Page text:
Letters to the Editor from the 5.9.18 edition

Stand down, Dollar General

Just what we DON’T need… A Dollar General “convenience” store selling sugared products, canned and processed foods, beer and the like. And, guess where this store is to be located… Right across the street from the McKinleyville High School. The store location also abuts the Ocean West Senior Village whose residents will have to deal with the impacts of such a store on a daily basis.

While there may be a few benefits to having a store like this in our neighborhood, the negative effects will obviously outweigh the positive as has been proven in other neighborhoods.

The added traffic on the already very busy Murray Road, the security lights from the store, the high potential for increased crime in the area, the ever-present trash and litter that will accumulate, the associated noise, the safety of the High School children crossing the street, and the many other negatives that accompany this type of business make this a very poor decision.

A new Dollar General (corporate) store may create a half-dozen minimum wage jobs, but the negative economic impact to existing competitors in the area can be far-reaching, resulting in loss of business and ultimately vacant buildings and blight in the community.

If you, too, are against such a store in our community, let your elected officials know it. Remind them that they work for you, and that you vote!

Ralph Cannon
McKinleyville

Please stop the Dollar General

Ocean West residents recently learned that Dollar General plans to build a convenience store on Murray Road and McKinleyville Avenue across from McKinleyville High School.

Because the land is zoned Neighborhood Commercial, we were told by County Supervisor Ryan Sundberg that there is nothing the county can do to change the zoning or stop the blight to our neighborhood. This kind of business is totally incompatible with the neighborhood, selling alcohol at cost and providing a source of junk food for our high school youth.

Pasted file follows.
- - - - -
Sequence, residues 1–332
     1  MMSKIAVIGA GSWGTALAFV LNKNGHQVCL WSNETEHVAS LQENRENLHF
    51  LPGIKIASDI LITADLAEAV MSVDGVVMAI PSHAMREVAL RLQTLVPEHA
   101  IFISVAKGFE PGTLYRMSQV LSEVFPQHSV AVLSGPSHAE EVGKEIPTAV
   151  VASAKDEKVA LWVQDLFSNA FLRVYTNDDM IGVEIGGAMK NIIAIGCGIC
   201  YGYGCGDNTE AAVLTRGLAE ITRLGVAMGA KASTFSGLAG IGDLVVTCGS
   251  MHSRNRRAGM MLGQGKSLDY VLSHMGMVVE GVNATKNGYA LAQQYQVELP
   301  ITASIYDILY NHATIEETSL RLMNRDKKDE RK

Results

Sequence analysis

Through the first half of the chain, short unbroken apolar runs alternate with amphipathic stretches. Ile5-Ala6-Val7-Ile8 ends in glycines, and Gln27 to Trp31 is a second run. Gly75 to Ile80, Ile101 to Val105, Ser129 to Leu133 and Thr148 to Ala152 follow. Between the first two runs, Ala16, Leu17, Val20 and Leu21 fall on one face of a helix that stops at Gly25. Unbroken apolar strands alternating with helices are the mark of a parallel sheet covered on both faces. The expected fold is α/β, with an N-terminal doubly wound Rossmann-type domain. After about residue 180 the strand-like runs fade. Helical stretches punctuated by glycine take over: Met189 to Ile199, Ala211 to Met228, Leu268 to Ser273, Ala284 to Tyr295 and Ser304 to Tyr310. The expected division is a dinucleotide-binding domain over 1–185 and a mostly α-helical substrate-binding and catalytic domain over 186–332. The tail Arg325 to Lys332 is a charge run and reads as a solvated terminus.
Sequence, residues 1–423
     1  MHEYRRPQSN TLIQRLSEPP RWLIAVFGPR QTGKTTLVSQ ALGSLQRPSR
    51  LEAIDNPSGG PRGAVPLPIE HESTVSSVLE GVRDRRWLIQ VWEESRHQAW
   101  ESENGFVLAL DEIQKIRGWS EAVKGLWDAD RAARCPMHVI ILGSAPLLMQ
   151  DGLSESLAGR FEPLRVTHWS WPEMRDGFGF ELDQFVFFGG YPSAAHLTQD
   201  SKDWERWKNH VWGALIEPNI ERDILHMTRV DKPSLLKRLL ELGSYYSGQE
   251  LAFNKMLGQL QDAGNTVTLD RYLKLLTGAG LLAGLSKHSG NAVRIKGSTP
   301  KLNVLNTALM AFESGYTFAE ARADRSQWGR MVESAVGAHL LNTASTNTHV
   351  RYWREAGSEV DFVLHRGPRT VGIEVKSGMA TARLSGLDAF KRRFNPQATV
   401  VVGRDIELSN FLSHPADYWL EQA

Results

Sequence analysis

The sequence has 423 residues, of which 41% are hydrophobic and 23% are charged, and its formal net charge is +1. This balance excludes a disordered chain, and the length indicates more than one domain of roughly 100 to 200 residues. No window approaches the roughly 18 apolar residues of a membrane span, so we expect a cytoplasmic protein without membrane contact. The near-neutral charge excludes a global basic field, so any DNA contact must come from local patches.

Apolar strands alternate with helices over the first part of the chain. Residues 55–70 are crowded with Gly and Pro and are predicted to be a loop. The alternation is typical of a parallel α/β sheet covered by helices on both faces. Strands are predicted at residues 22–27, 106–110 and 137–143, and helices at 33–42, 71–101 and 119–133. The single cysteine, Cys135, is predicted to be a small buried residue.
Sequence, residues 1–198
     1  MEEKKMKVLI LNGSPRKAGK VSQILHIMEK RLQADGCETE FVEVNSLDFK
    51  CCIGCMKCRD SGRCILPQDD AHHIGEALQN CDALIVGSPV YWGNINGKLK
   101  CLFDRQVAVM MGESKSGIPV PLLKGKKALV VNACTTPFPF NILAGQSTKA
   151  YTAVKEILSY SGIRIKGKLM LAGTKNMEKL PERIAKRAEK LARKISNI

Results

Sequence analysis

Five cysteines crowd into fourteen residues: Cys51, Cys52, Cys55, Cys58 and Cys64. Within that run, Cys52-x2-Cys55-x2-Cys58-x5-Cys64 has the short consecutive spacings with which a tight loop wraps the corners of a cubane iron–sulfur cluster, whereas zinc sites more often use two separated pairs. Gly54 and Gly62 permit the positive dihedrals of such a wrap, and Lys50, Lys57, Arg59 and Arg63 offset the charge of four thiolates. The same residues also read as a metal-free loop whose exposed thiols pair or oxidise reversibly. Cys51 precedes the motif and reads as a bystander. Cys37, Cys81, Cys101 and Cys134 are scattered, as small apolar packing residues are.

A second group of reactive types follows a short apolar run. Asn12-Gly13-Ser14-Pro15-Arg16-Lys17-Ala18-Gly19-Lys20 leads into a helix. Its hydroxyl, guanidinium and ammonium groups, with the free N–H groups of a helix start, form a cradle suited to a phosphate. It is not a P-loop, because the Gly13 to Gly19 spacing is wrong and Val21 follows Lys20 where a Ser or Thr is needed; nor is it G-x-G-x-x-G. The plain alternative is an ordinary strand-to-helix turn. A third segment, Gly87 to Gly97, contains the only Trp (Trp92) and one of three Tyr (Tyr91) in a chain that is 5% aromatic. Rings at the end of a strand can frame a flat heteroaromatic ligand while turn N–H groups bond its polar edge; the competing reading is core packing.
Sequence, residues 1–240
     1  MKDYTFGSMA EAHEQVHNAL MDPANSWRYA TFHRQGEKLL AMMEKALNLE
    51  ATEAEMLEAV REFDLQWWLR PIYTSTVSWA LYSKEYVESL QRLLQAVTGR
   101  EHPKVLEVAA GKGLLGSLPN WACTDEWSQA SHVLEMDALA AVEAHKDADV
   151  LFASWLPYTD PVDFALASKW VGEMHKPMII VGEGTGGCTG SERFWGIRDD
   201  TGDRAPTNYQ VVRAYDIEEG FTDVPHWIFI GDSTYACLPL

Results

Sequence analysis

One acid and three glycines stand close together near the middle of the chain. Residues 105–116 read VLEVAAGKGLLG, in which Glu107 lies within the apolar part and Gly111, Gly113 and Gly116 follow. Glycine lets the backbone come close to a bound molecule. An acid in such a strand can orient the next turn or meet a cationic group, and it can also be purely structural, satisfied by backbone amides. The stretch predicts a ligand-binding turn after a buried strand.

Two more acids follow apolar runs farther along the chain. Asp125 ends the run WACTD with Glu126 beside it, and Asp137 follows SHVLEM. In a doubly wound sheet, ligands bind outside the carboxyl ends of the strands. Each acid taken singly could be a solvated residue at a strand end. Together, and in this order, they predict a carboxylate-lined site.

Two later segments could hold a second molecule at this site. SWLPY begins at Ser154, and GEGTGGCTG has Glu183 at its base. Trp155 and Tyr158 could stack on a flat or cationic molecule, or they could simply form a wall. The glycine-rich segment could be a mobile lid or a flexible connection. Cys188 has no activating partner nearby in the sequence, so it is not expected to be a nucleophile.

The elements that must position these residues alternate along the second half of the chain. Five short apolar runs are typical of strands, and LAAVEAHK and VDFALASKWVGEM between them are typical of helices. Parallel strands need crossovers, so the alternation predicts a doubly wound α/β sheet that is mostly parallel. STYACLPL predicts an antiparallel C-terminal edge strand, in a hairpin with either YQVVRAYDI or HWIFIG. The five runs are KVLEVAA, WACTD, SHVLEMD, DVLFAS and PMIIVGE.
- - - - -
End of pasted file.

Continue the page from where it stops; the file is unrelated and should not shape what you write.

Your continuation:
It is not the kind of business we want abutting our park, causing increased traffic and the probability of litter and increased crime. We are desperate for an answer to resolve this. With no possibility of rezoning with current ownership (Ocean West Holdings LLC Co), is there a local company willing to purchase the land and request rezoning or other recourse? We must let Dollar General know this is not the right place for them.

Jean Browning
McKinleyville

Protect our water supply

One of our most critical and essential resources that we are blessed with in Humboldt County is sufficient clean water. Such a resource should never be put in jeopardy.

There has been discussion of allowing potentially dangerous industrial activity, including toxic chemicals, within the flood plain of the Mad River watershed.  The possibility of someone or some LLC corporation being able to endanger this vital community resource for individual or corporate profit is reprehensible to local families.

When something goes wrong, as we have seen in so many American communities in recent years, the LLC entity will simply use the “LL”...Limited Liability...to walk away from the problem and leave the clean-up catastrophe and expenses to be picked up by the local community for the corporation’s “mistake”.